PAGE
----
Cloud infrastructure optimization startup Zesty Tech Ltd. today announced that it secured a $75 million Series B funding round.

The funding round was jointly led by B Capital and Sapphire Ventures. Existing Zesty backers Next47 and S-Capital participated as well. Since launching in 2019, the startup has raised a total of $116 million from investors. 

Israel-based Zesty provides two software products that promise to help companies reduce their cloud infrastructure expenses. The first product, Commitment Manager, focuses on lowering the costs associated with the compute instances used by a company. Zesty’s other offering is called Zesty Disk and focuses on reducing data storage expenses.

Both of the startup’s products are designed to work with Amazon Web Services Inc.’s cloud platform. According to Zesty, hundreds of organizations use its technology to optimize their AWS environments.

AWS customers seeking to reduce their cloud expenses have access to Amazon EC2 Reserved Instances, which cost up to 72% less than standard EC2 instances. To receive the discounted pricing, companies must commit to renting a Reserved Instance for one to three years.

A company could theoretically use Reserved Instances for all its cloud projects to minimize compute costs. In practice, however, that approach is often not practical to implement. 

The fact that Reserved Instances must be purchased for one to three years means companies have to carefully plan their cloud investments. If a company buys more Reserved Instances than needed, cost overruns may emerge. To avoid cost overruns, organizations often opt for standard EC2 instances, which are more expensive than Reserved Instances but don’t require a long-term investment and therefore make it easier to manage cloud spending.

Zesty’s first product, Commitment Manager, promises to help companies lower their EC2 instance costs. The product does so by enabling companies to use Reserved Instances without the risk of cost overruns. According to Zesty, Commitment Manager can provision Reserved Instances on-demand and sell them when they’re no longer needed to avoid unnecessary cloud infrastructure spending.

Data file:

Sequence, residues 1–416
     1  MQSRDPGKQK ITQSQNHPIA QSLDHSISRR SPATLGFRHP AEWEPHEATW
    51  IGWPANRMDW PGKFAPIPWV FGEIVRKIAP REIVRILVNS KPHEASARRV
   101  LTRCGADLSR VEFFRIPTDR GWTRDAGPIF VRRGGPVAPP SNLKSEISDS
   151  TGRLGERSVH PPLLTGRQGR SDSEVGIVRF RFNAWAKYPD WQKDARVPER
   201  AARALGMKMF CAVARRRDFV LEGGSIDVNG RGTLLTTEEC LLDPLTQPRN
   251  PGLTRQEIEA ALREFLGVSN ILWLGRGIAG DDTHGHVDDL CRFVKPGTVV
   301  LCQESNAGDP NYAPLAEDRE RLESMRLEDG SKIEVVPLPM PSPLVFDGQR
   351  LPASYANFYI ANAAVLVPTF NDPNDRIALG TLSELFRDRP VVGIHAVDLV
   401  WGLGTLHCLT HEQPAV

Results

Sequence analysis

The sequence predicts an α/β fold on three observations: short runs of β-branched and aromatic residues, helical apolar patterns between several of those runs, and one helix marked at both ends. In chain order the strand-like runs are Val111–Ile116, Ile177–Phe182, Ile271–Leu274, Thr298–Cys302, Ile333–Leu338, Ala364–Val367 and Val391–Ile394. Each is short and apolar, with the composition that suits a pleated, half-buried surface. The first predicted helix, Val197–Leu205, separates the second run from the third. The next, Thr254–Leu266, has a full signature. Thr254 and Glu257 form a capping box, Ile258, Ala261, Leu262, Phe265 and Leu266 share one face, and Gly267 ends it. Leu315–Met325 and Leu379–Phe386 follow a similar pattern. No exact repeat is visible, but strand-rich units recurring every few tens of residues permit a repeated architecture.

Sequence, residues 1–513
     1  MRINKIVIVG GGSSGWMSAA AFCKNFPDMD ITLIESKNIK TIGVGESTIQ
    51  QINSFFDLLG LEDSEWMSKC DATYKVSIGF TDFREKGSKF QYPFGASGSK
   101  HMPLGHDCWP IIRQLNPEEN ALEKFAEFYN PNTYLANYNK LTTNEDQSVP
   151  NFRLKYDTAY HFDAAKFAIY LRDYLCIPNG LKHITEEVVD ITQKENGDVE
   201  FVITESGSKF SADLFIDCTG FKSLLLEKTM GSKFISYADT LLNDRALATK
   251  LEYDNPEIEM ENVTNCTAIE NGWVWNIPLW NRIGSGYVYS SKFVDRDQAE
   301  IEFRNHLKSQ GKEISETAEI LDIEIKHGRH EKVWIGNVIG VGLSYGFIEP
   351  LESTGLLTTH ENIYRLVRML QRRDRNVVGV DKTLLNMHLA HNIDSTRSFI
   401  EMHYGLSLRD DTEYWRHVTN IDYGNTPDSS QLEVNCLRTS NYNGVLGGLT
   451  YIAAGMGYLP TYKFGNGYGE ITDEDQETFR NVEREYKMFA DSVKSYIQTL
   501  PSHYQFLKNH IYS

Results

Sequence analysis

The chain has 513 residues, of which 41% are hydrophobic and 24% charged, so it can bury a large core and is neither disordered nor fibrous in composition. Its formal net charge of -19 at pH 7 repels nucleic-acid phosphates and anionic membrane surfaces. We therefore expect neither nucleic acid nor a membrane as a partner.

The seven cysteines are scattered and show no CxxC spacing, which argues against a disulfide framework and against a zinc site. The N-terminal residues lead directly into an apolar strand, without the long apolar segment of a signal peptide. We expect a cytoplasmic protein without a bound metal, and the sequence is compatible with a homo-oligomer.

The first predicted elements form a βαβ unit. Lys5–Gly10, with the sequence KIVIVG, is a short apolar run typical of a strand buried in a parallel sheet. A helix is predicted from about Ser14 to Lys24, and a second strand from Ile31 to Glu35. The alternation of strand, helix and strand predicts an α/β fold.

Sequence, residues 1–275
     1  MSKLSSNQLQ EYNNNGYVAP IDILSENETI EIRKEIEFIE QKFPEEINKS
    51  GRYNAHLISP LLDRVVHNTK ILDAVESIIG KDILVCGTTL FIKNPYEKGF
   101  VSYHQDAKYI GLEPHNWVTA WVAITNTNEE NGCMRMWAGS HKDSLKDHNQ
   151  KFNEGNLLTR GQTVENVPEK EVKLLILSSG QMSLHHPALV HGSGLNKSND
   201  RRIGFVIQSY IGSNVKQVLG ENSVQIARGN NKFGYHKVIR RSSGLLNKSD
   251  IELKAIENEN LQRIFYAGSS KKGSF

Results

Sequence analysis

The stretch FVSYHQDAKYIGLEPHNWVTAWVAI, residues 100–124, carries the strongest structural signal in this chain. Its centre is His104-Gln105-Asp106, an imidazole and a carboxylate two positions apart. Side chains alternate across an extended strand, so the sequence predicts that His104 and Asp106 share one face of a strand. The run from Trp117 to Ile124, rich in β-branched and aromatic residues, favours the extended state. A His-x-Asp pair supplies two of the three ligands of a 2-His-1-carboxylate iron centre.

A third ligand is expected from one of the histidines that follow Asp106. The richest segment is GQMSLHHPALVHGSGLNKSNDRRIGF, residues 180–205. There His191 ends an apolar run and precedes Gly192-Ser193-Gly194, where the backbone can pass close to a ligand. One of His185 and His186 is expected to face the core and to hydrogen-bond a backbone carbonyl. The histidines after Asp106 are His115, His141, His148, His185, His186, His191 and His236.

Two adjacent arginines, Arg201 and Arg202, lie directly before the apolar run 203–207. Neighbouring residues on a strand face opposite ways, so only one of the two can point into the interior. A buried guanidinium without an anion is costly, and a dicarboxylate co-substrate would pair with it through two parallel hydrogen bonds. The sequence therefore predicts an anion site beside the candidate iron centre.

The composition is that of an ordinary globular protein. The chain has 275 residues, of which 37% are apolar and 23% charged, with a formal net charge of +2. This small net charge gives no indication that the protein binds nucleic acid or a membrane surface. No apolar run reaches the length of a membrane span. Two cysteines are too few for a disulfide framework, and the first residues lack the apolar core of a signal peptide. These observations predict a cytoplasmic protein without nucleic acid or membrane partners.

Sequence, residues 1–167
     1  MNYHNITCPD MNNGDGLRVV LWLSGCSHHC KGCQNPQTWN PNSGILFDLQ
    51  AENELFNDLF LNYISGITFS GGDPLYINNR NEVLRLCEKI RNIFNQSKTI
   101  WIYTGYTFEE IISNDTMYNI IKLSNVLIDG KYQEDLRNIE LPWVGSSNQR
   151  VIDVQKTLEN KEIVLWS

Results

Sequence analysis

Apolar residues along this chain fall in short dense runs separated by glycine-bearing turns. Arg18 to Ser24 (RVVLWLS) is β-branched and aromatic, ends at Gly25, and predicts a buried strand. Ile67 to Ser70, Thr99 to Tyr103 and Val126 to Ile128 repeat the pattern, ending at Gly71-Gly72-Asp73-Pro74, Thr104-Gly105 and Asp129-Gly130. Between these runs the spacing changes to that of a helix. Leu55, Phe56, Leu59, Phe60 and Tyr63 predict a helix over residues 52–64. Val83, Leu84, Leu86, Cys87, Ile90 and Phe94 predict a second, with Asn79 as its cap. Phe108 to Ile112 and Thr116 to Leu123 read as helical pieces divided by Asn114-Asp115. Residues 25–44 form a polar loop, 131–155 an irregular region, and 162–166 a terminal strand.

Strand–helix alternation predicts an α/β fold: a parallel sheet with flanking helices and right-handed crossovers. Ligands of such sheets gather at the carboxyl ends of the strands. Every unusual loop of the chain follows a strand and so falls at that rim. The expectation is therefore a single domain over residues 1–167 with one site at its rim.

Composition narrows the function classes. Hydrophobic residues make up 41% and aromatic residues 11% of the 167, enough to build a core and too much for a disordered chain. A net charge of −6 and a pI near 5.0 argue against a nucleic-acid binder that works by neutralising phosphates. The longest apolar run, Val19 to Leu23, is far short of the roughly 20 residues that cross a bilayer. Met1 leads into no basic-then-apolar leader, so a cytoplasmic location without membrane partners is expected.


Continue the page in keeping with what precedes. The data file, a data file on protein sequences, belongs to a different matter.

The result, Zesty says, is that companies can use low-cost Reserved Instances for workloads they previously had to run on more expensive standard instances. The startup claims Commitment Manager makes it possible to reduce costs by as much as 60% in some cases. Moreover, the software promises to save time for administrators by automating the historically manual process of adding and removing instances when applications’ infrastructure requirements change. 

“The cloud has become the foundation for critical functions for countless companies, but more often than not, DevOps teams are stuck with static infrastructure, like discount program commitments or allocated storage volumes that waste time and money,” said Zesty co-founder and Chief Executive Officer Maxim Melamedov.

Zesty’s  second product, Zesty Disk, promises to optimize companies’ AWS storage environments. Zesty Disk can automatically add or remove block storage capacity based on application requirements. By aligning the amount of capacity that is provisioned with application requirements, the software helps reduce the risk of companies purchasing more capacity than needed. 

Zesty says that Zesty Disk also optimize storage performance in the process. The software can replace a large storage volume, the term for a pool of cloud-based storage capacity, with multiple smaller volumes that are together capable of holding the same amount of data. According to Zesty, this approach increases the number of data input and output operations that can be carried out at once by applications, which increases their performance. 

The startup says that its revenue has tripled since its last funding round last November. Additionally, the startup disclosed today that its customer count has grown by 127% from 2021 to 2022, but didn’t disclose absolute numbers. Zesty’s counts major tech firms such as Ltd. and Grubhub among its customers.

Zesty will use the newly announced $75 million funding round to hire more workers and develop additional features for its software products. 

Photo: Unsplash

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